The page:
People walk on by hands lifted in melancholy lost hope,
Sinking their faces deeper in their phone’s black mirror.
Car horns make a syncopated rhythm to echo the pain,
But the conversed words drop to whispered exchanges.
Signs written in ink or maybe blood with last thoughts,
Washed away with the falling rain and endless tears.
Lifting a hat now as threadbare as the shaking hands,
But its scattered bronzed coins are kicked in laughter.
A forgotten hero that not even he now knows his name,
Gave all he had to protect but gave himself nightmares.
Every day he sits in the daytime with his hands stretched,
Hoping one day someone will take them to dance again.
By night he walks the streets trying to find his way back,
Or a key to a time machine to stop the groundhog day.
The invisible brother, cousin, father or uncle to anyone,
Who’s hands only want to feel warmth and love again.
When I lived in Aberdeen (Scotland) in the late 90s/early 00s I regularly talked on and off to a man that sold a magazine for the homeless or those in vulnerable housing called The Big Issue outside the supermarket I would go to. To many he was invisible, not even a face in the street or another human being. He was not much older than I was so really hit home to me how life could be different, he was still someone else’s son or brother. I never learnt his name and he never learnt mine but still would stop to see how the other was. Now and again I would buy the magazine but usually I would give him the ‘free‘ from my “buy one get one free” offers in my food shopping, usually fruit such as oranges, bananas or apples, as rather give him that than money as a student I did not have and felt it was better to give him something to eat as could see how thin he was. By my final year in the city I moved away from the area, however, one evening I saw him walking along the main street, we recognised each other and to my delight he had got a home a few months previously. He was grateful for what I did, which to me was nothing but giving the time of day to another human being, which was only a couple of minutes once a month or so.
Fast forward to the present; for the last two years now I have been talking to another Big Issue seller but this time it is similar but different. For a start I know his name is Donald and we discuss his bad health, his history that made him homeless, to the world around us. When I first started to give him my ‘free’ tea from the supermarket I again saw the invisibility I had seen in Aberdeen, to which I was uncertain if was due to the upper-middle class nature of the area or that people had developed a blind spot to the homeless, and simply do not want to acknowledge such people exist. However, my actions prompted others to see us talking, which I will admit caused a few funny looks at first as not the sort of thing a Morningside lady would traditionally do (I grew up in the neighbouring Grange that has a similar reputation). However, a few regulars realised that the ‘free’ hot drink we got with a loyalty card was a way to pay to it forward as I was doing. In fact, he now has to turn down drinks or keep the cups as people are generous in their support, with many of us stopping for a good five to ten minutes to catch up with him. He also has been known to be given Easter eggs by children to other delights (sweet and savoury) from the store….he’s put on so much weight his doctor said he may need to go on a diet!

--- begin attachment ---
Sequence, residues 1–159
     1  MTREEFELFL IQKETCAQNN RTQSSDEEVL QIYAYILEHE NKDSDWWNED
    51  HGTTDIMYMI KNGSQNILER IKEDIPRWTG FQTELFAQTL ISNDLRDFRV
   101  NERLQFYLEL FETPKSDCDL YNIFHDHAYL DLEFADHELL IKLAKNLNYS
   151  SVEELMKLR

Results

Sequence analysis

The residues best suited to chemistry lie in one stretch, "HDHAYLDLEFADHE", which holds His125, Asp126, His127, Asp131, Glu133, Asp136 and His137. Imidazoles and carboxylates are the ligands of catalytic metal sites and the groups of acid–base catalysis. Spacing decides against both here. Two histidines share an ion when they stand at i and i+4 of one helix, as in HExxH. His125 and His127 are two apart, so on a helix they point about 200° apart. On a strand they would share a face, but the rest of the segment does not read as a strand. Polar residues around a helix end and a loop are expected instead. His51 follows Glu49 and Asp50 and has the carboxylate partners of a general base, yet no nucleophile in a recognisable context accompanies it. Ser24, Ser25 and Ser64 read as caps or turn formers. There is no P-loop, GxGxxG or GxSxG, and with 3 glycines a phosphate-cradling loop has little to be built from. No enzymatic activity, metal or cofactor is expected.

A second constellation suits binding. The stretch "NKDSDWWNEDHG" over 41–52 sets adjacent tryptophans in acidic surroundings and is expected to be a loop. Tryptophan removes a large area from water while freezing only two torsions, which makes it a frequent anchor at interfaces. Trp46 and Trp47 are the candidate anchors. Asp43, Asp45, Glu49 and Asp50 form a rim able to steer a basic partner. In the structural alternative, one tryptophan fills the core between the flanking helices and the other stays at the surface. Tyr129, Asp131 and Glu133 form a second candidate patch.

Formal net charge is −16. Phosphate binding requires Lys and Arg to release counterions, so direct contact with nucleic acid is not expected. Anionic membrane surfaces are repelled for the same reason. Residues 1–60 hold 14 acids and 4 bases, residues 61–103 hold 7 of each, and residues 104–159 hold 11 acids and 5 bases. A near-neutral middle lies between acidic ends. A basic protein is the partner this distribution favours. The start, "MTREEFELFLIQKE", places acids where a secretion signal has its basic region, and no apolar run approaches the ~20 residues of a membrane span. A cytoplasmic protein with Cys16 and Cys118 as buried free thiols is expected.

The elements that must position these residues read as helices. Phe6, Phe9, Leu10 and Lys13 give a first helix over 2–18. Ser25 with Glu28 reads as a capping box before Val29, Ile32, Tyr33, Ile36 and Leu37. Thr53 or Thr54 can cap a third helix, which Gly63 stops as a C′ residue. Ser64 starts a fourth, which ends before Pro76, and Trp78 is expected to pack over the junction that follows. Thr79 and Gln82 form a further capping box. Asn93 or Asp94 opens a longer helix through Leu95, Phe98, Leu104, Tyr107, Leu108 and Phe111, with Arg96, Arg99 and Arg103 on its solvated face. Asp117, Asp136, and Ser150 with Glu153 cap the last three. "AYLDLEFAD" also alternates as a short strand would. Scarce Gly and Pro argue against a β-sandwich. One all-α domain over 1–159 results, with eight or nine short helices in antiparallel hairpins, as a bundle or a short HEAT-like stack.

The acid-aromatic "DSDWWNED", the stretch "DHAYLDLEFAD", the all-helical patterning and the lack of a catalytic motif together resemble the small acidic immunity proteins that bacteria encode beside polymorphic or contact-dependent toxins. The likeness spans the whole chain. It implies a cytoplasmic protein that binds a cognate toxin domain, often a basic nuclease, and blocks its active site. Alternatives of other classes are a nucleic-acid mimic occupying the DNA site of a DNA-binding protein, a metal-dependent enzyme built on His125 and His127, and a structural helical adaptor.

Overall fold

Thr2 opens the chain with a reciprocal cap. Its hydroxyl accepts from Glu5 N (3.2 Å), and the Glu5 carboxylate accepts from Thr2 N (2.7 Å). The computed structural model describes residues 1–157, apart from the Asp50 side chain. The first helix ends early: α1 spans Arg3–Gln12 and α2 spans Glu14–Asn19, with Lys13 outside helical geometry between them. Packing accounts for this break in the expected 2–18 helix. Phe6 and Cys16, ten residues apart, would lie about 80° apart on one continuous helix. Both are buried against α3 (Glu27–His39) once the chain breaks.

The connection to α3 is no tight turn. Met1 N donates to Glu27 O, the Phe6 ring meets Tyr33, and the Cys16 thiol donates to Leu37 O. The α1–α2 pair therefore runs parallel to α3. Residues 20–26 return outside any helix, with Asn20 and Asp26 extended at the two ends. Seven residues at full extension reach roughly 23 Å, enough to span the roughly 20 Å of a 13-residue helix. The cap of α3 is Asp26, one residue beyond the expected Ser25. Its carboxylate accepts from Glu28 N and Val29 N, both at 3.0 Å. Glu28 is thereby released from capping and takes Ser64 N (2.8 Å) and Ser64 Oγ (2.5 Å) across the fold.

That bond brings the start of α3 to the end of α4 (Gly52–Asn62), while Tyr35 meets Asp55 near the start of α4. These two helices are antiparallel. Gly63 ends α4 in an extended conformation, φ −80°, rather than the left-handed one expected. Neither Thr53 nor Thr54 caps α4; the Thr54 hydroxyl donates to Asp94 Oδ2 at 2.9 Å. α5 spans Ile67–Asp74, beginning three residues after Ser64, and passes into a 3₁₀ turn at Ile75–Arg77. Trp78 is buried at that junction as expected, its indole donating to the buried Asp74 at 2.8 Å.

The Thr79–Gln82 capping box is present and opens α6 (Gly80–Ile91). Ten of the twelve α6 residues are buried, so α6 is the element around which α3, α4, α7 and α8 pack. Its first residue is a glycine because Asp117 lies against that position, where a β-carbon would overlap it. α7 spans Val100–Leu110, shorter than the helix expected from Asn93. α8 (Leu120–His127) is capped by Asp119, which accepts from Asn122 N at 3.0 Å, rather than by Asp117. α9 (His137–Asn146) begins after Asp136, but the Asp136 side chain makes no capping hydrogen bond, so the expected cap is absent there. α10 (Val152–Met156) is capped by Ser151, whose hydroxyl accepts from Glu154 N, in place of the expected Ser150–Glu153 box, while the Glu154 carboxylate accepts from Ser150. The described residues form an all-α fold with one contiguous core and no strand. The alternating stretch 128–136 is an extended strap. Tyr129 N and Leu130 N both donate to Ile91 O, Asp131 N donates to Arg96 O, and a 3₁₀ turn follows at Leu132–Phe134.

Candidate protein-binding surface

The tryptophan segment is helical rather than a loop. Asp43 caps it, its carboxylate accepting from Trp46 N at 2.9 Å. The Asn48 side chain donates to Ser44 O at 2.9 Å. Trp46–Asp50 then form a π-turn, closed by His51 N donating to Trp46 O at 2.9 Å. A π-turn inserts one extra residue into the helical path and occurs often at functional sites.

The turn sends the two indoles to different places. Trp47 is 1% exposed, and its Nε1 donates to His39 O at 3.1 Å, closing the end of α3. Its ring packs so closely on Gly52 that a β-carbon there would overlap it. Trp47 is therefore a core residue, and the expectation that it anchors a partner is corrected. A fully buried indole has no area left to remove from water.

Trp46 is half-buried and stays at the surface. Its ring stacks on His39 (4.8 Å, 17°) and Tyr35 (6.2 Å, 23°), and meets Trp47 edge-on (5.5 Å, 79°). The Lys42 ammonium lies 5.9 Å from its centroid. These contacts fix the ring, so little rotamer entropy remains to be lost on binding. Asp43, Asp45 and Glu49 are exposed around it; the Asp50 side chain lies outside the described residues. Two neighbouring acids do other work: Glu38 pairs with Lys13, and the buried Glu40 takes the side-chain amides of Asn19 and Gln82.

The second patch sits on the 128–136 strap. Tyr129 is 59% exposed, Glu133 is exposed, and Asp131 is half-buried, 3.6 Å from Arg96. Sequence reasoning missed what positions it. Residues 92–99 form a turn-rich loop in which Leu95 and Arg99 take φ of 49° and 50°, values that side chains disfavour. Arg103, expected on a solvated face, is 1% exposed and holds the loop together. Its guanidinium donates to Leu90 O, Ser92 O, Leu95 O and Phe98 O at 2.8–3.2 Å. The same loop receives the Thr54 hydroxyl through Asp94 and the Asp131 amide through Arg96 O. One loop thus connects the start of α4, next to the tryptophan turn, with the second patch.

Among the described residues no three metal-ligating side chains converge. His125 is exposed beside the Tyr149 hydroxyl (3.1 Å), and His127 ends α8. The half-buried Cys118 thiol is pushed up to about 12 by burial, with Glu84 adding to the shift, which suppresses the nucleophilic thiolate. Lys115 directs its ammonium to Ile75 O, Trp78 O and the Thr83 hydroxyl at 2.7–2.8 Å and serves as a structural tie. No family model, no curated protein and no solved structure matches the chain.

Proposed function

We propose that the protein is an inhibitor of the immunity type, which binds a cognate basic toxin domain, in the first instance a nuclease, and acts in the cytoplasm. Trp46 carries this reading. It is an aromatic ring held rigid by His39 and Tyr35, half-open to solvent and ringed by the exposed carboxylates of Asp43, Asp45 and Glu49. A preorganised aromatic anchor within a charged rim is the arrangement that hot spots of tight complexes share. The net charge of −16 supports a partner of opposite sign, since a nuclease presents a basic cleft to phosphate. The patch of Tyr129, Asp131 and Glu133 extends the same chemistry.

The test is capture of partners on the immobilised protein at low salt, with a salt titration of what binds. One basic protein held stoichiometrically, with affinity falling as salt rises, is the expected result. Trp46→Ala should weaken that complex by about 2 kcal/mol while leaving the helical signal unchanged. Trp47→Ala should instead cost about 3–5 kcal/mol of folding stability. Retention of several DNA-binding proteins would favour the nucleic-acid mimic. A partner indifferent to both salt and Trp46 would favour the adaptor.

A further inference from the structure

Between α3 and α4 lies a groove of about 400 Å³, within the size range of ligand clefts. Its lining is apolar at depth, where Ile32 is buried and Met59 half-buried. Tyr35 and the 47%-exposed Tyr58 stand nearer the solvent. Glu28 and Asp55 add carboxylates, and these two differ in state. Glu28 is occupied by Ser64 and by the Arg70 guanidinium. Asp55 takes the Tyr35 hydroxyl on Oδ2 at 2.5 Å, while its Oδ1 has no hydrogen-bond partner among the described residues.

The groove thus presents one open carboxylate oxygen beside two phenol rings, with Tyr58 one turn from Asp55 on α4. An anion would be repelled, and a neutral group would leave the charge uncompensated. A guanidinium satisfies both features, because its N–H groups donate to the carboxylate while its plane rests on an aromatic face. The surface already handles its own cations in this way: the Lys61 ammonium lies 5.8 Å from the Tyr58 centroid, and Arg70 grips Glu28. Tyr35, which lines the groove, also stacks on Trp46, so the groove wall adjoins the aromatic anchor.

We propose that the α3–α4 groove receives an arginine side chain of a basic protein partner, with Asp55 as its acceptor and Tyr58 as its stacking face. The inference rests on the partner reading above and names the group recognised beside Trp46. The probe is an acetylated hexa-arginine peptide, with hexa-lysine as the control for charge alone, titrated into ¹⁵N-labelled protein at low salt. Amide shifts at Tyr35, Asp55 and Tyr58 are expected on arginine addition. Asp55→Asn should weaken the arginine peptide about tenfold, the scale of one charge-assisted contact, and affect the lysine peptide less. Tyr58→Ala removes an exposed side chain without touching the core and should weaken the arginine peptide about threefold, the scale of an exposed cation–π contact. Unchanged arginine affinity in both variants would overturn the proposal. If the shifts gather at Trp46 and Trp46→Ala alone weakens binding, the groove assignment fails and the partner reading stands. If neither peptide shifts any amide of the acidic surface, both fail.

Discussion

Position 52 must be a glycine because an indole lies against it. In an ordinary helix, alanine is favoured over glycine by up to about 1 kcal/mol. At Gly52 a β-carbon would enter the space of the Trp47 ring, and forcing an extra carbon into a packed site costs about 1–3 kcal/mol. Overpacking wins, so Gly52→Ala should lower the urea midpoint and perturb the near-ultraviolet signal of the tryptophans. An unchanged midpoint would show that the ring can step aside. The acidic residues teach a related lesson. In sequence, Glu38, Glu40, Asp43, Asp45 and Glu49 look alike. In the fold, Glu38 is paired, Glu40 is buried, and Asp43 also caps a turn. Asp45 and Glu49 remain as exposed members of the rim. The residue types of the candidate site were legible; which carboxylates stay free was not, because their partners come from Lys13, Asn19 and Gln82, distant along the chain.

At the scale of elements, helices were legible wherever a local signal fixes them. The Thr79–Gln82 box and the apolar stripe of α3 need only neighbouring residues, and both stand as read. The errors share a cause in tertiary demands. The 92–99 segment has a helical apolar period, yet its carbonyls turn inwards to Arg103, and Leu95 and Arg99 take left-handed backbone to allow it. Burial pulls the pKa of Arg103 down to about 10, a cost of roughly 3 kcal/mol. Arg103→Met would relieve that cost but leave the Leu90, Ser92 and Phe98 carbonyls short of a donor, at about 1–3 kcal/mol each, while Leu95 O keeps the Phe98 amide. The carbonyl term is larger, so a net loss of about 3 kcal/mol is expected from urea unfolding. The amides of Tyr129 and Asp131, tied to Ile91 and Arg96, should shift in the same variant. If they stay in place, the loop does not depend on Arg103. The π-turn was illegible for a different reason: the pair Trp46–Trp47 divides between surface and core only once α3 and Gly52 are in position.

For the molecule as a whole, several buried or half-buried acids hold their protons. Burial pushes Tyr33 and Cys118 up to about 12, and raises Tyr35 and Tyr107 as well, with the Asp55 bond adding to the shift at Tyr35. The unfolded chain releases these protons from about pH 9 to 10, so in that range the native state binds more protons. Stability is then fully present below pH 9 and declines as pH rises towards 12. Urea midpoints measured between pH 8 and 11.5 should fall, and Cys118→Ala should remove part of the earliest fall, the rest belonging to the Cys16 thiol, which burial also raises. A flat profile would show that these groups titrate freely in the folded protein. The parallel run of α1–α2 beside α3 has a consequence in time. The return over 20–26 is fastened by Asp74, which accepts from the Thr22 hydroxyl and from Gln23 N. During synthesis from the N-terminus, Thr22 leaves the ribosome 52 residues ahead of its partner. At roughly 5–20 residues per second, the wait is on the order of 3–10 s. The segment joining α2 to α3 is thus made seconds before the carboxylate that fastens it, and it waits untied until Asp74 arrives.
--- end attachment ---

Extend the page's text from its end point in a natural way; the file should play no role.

I will not give to beggars on the street for I have seen a few climb into their Mercedes cars after they have finished and some have become quite rude to me when I offered them something other than money. However, those that sell The Big Issue I understand how the selling works and the revenue they can get from it, dropping a random bar of chocolate or a bottle of water to them and catching their smile as I do is something I’ll never tire of…the gentleman who chased after me to say thank you could not understand at first as had not asked for it and that someone simply wanted to give to him. Equally I am fortunate in my city that there are places like the Social Bite that help the homeless by selling suspended drinks like teas or coffees and lunches, with one in four of their workforce formerly homeless and currently running a campaign to create a small village that will give them a home, job and the help to deal with issues they may have (details here). There are organisations such as Shelter that also help the homeless. However, what matters is we remember that these people could be any of us, our fathers or sisters, aunts to nephews, and be grateful for what we have now no matter how small it may seem compared with others as life can change in seconds. Do not judge or hate another for what they have as will never know their full story, and pay it forward because we can not for rewards (financial or otherwise).